Officials in Virginia's public school system are set to vote on, and expected to pass, a series of recommendations for how teachers and students can interact digitally. At issue is whether students and teachers can be Facebook friends and whether they can text. Essentially: they can't. If this measure passes, it will be up to individual districts if they want to enact it although the state will encourage them to do so. The move is in response to the 120 incidents of sexual misconduct between teachers and student that officials have investigated since 2000. Not all teachers are happy about the move.

Says one:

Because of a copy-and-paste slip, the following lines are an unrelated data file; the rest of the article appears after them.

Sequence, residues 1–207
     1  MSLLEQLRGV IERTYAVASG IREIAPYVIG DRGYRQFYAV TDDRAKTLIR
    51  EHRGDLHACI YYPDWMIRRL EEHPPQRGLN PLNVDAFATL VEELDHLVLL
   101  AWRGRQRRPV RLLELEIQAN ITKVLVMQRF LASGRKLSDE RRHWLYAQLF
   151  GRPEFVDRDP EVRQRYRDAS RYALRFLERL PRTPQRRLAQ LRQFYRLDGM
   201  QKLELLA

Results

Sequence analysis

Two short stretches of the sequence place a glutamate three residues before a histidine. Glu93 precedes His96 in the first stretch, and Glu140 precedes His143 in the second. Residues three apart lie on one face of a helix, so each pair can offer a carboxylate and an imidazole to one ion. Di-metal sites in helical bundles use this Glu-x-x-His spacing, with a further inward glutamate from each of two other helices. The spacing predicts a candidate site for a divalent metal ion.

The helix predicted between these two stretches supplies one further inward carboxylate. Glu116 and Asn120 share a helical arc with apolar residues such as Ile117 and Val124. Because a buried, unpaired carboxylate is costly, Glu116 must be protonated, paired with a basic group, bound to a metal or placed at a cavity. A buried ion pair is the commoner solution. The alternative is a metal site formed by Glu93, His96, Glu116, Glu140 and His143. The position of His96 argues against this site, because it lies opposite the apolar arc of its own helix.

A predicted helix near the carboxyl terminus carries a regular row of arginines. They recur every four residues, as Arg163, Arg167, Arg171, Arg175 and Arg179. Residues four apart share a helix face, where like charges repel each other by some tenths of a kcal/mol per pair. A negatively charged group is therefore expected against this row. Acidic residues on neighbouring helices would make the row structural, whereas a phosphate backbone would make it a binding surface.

"A professional code of conduct should apply whether you are speaking with a student in person, on the phone, via email or through posts using a variety of online Web 2.0 tools. These tools actually provide a written record of communication, so that in itself provides a level of accountability. We should trust our teachers to interact in a professional manner instead of unplugging our students and quashing their ability to communicate and collaborate digitally. Part of our district's Technology Plan calls for students to 'possess the knowledge, skills and attitudes necessary to learn in and contribute to virtual communities.' How does restricting communication via 21st century tools help achieve this goal?"

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